Atletico Madrid welcomed Liverpool to the Wanda Metropolitano in the Champions League this evening in a mouthwatering clash between two European heavyweights. It was a pulsating fixture that the visitors from Merseyside won 3-2.
Atletico were second in Champions League Group B heading into the game, two points behind leaders Liverpool, three clear of Porto and four ahead of bottom-placed Milan.
Liverpool took the lead in the eighth minute through Mohamed Salah, possibly the most in-form footballer in Europe. He cut in from the right side before seeing his effort from the edge of the box deflect past Jan Oblak.
Naby Keita doubled Liverpool’s advantage in the 13th minute. The ball fell to him with a sight of goal and he made no mistake, unleashing a well-struck effort past Oblak into the top right corner to give Atletico a mountain to climb.
Atletico, with typical mental strength, responded well. Antoine Griezmann pulled one back in the 20th minute, directing Koke’s effort from distance goalward after good work from Thomas Lemar out on the left side.
The Frenchman completed the comeback in the 34th minute. He collected the ball after intelligent play by Joao Felix before opening his body and finishing confidently. He then turned from hero to villain in the 51st minute, however, after his high-boot on Roberto Firmino saw him receive a straight red card.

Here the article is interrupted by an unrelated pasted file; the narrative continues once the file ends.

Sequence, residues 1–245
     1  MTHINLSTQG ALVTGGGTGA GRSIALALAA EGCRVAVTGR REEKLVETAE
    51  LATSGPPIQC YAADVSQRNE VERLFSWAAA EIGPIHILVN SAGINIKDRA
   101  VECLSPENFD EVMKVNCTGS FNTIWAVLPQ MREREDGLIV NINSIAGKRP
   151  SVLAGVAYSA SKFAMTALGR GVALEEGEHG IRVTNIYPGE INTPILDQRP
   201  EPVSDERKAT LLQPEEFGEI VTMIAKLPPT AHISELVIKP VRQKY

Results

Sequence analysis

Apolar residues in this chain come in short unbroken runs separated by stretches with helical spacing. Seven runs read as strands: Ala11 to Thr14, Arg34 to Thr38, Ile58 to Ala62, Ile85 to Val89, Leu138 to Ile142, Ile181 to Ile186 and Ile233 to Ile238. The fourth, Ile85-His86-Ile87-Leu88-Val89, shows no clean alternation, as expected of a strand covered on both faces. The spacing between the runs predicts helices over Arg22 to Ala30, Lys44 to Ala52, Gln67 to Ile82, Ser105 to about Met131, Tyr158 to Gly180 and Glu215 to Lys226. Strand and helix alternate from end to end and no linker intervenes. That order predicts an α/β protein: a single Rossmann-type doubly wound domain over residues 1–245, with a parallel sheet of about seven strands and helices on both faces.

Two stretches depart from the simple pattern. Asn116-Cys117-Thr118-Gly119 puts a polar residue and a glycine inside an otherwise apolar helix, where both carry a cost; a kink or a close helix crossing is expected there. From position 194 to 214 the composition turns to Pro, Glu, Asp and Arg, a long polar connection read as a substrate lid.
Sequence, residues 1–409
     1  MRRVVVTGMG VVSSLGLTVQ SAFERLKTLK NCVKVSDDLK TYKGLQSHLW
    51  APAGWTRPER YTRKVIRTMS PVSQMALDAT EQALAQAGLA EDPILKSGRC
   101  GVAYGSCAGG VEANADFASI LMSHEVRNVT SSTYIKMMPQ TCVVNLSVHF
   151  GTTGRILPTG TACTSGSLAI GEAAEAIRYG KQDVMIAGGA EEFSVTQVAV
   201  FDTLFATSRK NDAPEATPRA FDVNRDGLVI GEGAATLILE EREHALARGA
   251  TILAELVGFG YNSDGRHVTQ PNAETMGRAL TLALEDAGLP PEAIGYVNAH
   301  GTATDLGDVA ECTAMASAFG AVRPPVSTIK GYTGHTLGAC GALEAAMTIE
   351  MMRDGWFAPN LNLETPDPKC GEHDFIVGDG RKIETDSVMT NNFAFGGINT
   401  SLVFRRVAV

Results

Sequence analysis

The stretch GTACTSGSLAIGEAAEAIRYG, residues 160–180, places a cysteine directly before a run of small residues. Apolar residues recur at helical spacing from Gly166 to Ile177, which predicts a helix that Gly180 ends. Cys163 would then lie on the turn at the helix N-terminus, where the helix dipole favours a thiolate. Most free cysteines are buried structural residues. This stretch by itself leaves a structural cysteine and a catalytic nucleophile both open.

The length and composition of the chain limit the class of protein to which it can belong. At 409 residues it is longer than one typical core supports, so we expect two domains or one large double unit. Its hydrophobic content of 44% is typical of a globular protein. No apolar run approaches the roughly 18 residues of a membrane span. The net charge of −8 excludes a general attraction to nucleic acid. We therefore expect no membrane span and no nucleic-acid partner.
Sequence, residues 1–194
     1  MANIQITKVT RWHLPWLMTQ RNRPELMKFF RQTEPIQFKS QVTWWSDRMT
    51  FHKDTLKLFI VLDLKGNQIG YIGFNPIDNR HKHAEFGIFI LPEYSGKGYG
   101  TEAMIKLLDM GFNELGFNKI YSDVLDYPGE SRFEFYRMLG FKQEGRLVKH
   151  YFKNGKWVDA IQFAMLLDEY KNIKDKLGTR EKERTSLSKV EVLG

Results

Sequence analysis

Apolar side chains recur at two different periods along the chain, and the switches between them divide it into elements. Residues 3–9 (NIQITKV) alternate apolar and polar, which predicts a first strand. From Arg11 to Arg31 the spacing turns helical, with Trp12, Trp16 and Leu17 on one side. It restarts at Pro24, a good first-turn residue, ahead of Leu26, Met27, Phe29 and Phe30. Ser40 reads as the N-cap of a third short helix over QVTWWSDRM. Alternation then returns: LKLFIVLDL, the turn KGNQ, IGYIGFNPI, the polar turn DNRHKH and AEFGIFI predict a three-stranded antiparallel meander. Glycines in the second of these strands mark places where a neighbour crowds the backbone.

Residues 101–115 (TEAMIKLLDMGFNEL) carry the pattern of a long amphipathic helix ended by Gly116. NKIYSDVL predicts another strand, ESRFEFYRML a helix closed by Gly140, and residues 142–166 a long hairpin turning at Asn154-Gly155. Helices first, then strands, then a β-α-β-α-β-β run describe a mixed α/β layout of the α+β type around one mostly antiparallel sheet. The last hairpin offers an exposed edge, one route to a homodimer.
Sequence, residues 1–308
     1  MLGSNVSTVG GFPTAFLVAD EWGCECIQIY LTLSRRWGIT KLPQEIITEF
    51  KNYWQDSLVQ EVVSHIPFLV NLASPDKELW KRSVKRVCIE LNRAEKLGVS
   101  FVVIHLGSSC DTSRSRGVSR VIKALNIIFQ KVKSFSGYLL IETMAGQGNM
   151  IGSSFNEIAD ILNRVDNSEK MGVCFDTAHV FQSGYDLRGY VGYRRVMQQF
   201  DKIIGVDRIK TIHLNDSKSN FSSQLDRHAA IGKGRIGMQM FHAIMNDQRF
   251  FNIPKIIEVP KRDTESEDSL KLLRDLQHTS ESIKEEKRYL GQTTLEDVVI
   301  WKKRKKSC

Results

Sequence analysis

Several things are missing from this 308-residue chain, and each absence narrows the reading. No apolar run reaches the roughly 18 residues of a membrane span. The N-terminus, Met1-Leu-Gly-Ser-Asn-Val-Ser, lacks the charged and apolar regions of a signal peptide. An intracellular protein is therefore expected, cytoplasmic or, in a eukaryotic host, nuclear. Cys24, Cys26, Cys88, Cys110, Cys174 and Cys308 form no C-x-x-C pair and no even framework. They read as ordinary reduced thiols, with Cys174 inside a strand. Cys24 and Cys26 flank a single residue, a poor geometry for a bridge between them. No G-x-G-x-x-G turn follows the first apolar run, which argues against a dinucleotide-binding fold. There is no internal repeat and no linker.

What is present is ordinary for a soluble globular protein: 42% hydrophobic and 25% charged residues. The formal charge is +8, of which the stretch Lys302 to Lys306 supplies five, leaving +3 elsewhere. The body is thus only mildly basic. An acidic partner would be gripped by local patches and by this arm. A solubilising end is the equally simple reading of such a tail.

Liverpool regained their lead and made it 3-2 in the 78th minute, again through Salah. This time the Egyptian scored from the spot, coolly placing his penalty kick into the bottom-left corner of the net and sending Oblak the wrong way.
⏱ 95' | Atleti 2️⃣-3️⃣ Liverpool
⏹️ Termina el partido en el Wanda @Metropolitano.
— Atlético de Madrid (@Atleti) October 19, 2021
“We didn’t start the match as we wanted but after the second goal we began playing the match we were looking for. We had chances to put ourselves ahead, with the clearest one coming in the second half, but the goalkeeper made another great save. The team responded well to going a man down.”
Simeone was criticised by many in the British media for leaving the pitch without shaking Liverpool coach Jurgen Klopp’s hand on the final whistle. “I don’t always greet the other coach after the game because I don’t like it,” he explained. “It’s not healthy for either the winner or the loser. I think of it that way. But now, when I see him, I’ll greet him without a problem.”